12 January - 20 June 2016

Intervention trials to increase fruit and vegetable consumption in children 5 years and under assessed

A Cochrane Review has examined interventions for increasing fruit and vegetable consumption in children aged five years and under. Eating fruit and vegetables in childhood has been found to be associated with a decreased risk of future chronic diseases such as cancer and cardiovascular disease.

A Cochrane Review has examined interventions for increasing fruit and vegetable consumption in children aged five years and under. Eating fruit and vegetables in childhood has been found to be associated with a decreased risk of future chronic diseases such as cancer and cardiovascular disease.  According the World Health Organisation globally 2.8% of death and 1% of disability-adjusted life years each year are attributable to inadequate fruit and vegetable intake, with low consumption responsible for 14% of gastrointestinal cancer deaths, 11% of all ischaemic heart disease, and 9% of all stroke deaths.  Previous research has suggested that eating behaviours in childhood often persist into adulthood.

Hodder et al. carried out a systematic review of interventions designed to increase consumption in children aged 5 years.  The team identified studies including randomised controls and cross over trials that compared two or more alternative intervention programmes or compared an intervention programme group with a control. A search was conducted using a number of electronic databases including MEDLINE and CENTRAL, as well as articles which were published between 2006 and September 2016, in three peer-related journals.  The scientists included 50 trials with 137 trials arms involving 10,267 participants.  Of the 50 trials, thirty investigated the effect of child-feeding practices in increasing child vegetable intake, eleven examined the impact of parent nutrition education, eight examined the impact of multicomponent interventions, and 1 examined the effect of a nutrition invention delivered to children. The authors note that “thirteen of the 50 included trials were judged as free from high risks of bias”.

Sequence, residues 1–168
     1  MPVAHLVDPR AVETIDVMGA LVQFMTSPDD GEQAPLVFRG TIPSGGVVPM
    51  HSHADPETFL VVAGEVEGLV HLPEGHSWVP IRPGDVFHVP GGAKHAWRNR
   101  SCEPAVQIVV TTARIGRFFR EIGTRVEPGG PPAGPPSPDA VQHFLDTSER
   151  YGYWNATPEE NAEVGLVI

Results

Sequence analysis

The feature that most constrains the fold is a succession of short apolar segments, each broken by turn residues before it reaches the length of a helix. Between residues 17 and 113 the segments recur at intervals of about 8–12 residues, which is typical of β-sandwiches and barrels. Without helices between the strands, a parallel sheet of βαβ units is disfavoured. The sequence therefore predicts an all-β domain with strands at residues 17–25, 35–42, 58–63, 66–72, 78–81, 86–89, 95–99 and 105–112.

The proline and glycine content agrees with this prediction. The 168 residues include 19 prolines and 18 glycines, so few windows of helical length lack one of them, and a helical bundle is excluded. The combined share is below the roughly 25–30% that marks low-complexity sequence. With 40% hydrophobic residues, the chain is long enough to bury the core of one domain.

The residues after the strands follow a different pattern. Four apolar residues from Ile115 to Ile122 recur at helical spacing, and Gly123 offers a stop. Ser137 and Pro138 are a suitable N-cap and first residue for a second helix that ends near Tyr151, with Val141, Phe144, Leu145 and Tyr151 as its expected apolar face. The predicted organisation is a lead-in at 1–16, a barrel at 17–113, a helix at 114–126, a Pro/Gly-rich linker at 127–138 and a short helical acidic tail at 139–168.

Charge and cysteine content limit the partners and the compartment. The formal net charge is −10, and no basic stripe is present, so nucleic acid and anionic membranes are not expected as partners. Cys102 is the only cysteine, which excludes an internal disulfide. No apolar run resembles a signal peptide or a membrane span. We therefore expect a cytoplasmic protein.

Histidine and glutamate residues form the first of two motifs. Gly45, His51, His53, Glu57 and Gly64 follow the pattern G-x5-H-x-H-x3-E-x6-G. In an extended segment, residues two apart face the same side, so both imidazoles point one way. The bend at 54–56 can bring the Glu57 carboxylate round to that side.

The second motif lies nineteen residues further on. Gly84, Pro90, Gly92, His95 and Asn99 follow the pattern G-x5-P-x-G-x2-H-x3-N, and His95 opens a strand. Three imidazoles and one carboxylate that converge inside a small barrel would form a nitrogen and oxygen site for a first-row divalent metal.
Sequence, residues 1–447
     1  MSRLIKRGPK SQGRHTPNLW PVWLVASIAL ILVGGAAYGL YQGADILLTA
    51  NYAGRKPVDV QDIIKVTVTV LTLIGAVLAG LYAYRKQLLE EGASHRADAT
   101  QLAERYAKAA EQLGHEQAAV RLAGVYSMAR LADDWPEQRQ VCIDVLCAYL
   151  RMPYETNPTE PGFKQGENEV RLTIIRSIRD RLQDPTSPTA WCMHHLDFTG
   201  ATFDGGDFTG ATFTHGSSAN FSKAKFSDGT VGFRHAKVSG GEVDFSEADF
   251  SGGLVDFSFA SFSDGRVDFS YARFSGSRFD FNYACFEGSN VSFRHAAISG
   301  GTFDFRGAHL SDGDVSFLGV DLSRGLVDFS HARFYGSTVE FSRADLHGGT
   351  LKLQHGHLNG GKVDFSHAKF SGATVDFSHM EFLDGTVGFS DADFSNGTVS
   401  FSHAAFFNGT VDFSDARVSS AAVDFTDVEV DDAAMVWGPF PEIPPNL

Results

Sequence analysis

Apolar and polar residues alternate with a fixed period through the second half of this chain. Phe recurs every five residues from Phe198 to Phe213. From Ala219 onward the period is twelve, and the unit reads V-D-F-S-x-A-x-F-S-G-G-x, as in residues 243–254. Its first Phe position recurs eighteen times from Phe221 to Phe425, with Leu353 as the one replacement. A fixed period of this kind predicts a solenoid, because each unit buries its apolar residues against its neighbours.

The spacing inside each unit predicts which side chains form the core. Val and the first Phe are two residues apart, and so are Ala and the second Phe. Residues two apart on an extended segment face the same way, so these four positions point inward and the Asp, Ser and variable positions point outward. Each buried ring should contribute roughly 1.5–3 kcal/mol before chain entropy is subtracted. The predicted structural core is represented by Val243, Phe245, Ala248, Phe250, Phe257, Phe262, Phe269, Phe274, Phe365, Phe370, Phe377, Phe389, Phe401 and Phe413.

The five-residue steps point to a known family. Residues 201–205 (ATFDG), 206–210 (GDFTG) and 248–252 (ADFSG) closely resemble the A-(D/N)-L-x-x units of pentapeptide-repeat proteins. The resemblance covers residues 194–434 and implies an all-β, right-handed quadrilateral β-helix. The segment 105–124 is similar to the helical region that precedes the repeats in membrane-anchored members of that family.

The team report that child-feeding practices vs no intervention, results in a small increase in vegetable consumption. Children feeding interventions appeared to increase the eating of vegetables by 4.03 grams. With no intervention the children were found to consume 7.7 grams. The authors caution that the quality of evidence is low and long term follow up is required, as the majority of studies only had a period of follow up of up to six months.  Whilst the scientists report that there was no short term difference with parent education vs no intervention and multi-component intervention vs no intervention. Hodder et al report that of the 11 trials assessed, 4 studies investigated the long term impact of parent nutrition education intervention (12 months or longer), with only one trial reporting significant long term effect.  No long term trial assessed the long term impact of multicomponent intervention. 

In conclusion the team report that there was insufficient data for long-term effectiveness, cost effectiveness and unintended adverse consequences of intervention and note that "given the low-quality evidence, future research will very likely change estimates and conclusions.  Such research should adopt more rigorous methods to advance the field."

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